The Medieval Village
The Medieval Village
There is only too much truth in the frequent complaint that history, as compared with the physical sciences, is neglected by the modern public. But historians have the remedy in their own hands; choosing problems of equal importance to those of the scientist, and treating them with equal accuracy, they will command equal attention. Those who insist that the proportion of accurately ascertainable facts is smaller in history, and therefore the room for speculation wider, do not thereby establish any essential distinction between truth- seeking in history and truth-seeking in chemistry. The historian, whatever be his subject, is as definitely bound as the chemist "to proclaim certainties as certain, falsehoods as false, and uncertainties as dubious." Those are the words, not of a modern scientist, but of the seventeenth century monk, Jean Mabillon; they sum up his literary profession of faith. Men will follow us in history as implicitly as they follow the chemist, if only we will form the chemist's habit of marking clearly where our facts end and our inferences begin. Then the public, so far from discouraging our speculations, will most heartily encourage them; for the most positive man of science is always grateful to anyone who, by putting forward a working theory, stimulates further discussion.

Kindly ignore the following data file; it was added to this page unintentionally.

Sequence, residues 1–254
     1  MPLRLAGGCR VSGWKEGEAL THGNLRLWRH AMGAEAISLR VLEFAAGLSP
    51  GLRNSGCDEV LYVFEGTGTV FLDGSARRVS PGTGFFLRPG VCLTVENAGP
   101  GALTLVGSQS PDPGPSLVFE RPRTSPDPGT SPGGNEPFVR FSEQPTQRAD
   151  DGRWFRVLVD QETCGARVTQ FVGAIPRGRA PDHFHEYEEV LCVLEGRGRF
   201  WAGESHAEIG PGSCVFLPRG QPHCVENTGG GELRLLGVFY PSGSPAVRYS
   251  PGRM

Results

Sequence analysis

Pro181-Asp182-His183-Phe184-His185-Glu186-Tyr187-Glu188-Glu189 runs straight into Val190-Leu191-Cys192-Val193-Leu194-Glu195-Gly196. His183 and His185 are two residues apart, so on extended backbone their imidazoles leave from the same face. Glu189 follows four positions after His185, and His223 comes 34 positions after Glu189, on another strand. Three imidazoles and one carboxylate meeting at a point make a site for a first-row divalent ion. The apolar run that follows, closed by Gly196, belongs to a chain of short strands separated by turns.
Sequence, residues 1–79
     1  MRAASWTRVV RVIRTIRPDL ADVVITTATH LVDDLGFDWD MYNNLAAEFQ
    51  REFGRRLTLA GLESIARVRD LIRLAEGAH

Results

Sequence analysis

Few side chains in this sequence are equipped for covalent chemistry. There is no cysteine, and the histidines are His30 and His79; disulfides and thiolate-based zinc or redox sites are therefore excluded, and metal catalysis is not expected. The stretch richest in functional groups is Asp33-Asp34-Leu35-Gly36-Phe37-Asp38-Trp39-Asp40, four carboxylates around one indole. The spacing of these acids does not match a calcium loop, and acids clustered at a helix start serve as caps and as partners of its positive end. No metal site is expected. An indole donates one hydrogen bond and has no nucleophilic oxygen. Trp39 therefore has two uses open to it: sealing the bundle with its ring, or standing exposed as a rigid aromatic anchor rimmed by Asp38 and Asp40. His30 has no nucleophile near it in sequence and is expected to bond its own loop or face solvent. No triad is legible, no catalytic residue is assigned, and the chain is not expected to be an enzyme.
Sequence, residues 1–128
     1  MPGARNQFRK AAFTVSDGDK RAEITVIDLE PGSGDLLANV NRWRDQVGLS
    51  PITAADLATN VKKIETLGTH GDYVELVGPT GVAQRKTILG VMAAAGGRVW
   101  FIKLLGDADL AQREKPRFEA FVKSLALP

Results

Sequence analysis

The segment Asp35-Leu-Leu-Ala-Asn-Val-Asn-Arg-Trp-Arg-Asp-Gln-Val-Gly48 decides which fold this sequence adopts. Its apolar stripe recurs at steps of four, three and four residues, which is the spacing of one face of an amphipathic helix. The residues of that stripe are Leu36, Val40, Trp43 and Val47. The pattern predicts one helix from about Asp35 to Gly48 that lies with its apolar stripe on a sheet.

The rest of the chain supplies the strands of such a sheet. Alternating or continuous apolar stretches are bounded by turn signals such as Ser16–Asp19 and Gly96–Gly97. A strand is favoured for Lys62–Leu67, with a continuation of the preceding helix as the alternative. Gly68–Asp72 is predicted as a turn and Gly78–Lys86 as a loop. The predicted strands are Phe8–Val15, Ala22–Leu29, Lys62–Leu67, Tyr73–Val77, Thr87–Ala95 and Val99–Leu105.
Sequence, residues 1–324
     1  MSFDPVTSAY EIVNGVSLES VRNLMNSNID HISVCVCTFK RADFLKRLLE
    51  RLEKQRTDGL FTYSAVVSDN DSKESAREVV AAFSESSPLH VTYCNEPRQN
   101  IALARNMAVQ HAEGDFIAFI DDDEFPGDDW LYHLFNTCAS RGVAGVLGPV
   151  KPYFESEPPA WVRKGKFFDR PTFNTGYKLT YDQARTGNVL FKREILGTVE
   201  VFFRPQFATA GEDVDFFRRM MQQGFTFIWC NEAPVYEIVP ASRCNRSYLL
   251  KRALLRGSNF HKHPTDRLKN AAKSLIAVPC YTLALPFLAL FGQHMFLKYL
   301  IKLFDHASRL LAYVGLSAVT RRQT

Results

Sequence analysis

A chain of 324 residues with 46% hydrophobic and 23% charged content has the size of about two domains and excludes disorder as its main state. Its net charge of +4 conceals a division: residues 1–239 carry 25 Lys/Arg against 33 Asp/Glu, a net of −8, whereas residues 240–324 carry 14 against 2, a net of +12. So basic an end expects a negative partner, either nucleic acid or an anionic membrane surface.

The present series, therefore, appeals directly to that craving for clearer facts which has been bred in these times of storm and stress. No care can save us altogether from error; but, for our own sake and the public's, we have elected to adopt a safeguard dictated by ordinary business commonsense. Whatever errors of fact are pointed out by reviewers or correspondents shall be publicly corrected with the least possible delay. After a year of publication, all copies shall be provided with such an erratum-slip without waiting for the chance of a second edition; and each fresh volume in this series shall contain a full list of the errata noted in its immediate predecessor. After the lapse of a year from the first publication of any volume, and at any time during the ensuing twelve months, any possessor of that . . .